A provider collaborative is made up of several organisations coming together to make collective decisions about the design and delivery of health and care services. This collaboration can take place “horizontally” or “vertically”. A horizontal collaborative may take place at ICS level or across several ICSs, between trusts delivering the same type of services such as non-specialist acute care. A vertical collaboration may happen at “place” level – for example between an acute trust and primary or community care. NHSE/I want every trust to be part of at least one or more provider.

How do these new arrangements differ from other various attempts to integrate health and social care?

It removes traditional divisions between hospitals and family doctors, between physical and mental health, and between NHS and council services. In the past, these divisions have meant that too many people experienced disjointed care.

What are the delivery milestones for the ICS?

From 1 July 2022, Integrated Care Systems (ICSs) will become fully operational as statutory organisations responsible for strategic commissioning, with a financial allocation set by NHS England. In North Central London, our ICS will operate in shadow form this financial year.

What processes will be in place to promote financial transparency so people can see how spending will be spent and on what services?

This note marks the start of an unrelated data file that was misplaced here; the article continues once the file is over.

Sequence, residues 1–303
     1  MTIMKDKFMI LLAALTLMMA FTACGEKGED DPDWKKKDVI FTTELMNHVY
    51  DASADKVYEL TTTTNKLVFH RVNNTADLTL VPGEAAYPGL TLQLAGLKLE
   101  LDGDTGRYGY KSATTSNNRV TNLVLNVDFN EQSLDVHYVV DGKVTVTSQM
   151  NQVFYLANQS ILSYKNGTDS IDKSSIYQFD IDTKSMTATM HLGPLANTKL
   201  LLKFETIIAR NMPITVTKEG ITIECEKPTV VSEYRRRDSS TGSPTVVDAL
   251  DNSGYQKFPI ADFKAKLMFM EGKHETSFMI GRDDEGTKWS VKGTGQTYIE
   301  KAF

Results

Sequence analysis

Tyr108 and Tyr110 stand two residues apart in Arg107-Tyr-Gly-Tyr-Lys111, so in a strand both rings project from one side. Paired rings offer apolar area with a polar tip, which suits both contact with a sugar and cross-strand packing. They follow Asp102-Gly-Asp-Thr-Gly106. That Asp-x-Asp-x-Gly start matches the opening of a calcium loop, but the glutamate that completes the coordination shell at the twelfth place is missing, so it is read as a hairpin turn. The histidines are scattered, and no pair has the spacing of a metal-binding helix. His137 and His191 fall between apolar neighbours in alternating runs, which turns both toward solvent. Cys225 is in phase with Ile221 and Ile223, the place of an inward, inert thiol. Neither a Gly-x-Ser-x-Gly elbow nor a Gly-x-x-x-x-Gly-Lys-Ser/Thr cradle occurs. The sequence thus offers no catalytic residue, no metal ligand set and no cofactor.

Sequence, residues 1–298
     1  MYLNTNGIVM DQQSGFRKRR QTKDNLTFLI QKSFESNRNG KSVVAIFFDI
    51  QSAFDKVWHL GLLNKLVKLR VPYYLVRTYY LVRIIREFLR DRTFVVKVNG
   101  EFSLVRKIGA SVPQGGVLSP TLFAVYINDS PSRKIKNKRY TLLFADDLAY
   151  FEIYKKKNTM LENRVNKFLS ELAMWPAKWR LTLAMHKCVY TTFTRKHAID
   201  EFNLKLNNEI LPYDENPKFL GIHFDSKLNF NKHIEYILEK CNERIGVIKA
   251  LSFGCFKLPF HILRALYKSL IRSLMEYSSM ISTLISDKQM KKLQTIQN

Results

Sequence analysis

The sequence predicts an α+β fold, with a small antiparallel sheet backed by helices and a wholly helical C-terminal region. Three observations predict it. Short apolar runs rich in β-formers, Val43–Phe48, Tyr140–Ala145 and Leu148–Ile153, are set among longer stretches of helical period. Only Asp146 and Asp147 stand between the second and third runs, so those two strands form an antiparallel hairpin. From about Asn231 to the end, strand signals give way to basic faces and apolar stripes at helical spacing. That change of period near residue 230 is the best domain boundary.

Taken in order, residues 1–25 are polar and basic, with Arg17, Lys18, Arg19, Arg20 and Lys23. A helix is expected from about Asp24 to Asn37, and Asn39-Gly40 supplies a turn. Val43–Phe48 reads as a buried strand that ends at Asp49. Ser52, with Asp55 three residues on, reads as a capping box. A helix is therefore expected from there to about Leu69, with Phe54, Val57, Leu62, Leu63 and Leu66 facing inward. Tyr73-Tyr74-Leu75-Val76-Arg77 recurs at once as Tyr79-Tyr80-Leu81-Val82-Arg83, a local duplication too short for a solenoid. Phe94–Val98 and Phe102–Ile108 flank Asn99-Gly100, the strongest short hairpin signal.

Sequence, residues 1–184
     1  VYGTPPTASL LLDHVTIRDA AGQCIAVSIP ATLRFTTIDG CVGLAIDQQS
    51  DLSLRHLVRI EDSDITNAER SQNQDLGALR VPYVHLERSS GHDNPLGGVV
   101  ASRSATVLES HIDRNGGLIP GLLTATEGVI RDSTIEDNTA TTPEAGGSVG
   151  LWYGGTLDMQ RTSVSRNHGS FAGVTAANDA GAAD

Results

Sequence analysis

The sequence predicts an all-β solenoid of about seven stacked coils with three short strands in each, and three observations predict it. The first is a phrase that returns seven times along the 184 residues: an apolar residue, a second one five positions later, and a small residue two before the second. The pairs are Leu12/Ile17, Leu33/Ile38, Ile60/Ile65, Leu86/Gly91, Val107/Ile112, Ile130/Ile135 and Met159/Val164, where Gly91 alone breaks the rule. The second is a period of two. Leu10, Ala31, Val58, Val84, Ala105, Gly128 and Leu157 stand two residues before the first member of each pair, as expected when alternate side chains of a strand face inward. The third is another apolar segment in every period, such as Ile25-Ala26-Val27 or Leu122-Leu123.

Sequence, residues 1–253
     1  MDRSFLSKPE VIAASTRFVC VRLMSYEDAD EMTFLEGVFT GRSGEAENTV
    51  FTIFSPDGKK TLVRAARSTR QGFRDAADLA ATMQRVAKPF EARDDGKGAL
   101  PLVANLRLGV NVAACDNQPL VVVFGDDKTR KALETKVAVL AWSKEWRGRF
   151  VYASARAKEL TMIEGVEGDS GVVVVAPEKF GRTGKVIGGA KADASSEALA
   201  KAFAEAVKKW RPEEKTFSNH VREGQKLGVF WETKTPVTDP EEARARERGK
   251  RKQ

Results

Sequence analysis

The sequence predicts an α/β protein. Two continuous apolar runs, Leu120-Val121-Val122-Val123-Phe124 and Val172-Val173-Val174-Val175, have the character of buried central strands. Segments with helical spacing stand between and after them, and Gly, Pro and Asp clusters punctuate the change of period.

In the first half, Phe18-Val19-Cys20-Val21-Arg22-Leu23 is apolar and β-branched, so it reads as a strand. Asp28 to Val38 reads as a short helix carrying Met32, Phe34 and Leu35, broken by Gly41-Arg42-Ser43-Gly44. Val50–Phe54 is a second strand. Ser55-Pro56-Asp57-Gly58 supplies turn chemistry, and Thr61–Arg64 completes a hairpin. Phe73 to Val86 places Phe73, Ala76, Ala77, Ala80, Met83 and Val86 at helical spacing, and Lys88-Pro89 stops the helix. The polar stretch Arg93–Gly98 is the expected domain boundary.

The involvement of local government can enhance transparency and accountability through supporting engagement with local communities and providing local democratic oversight. Progress has sometimes been achieved through workarounds to the current legislative framework; these workarounds can be complex and lead to duplication and protracted decision-making processes.

Proposals have now been put forward to address this, and to improve transparency and accountability, by establishing ICSs as statutory bodies.

According to the Health and Care Bill ICS Boards will be run by NHS managers. Will local authorities which run social care have equal power over commissioning and budgeting with the NHS on these boards?

The involvement of local government is essential for ICSs to be able to drive meaningful improvements in health and wellbeing. It can bring three key benefits. The first is the opportunity to join up health and social care at all levels in the system, creating better outcomes and a less fragmented experience for patients and users. The second is the potential to improve population health and wellbeing through the leadership of public health teams as well as NHS and local government acting together to address wider determinants of health such as housing, local planning and education. Finally, the involvement of local government can enhance transparency and accountability through supporting engagement with local communities and providing local democratic oversight.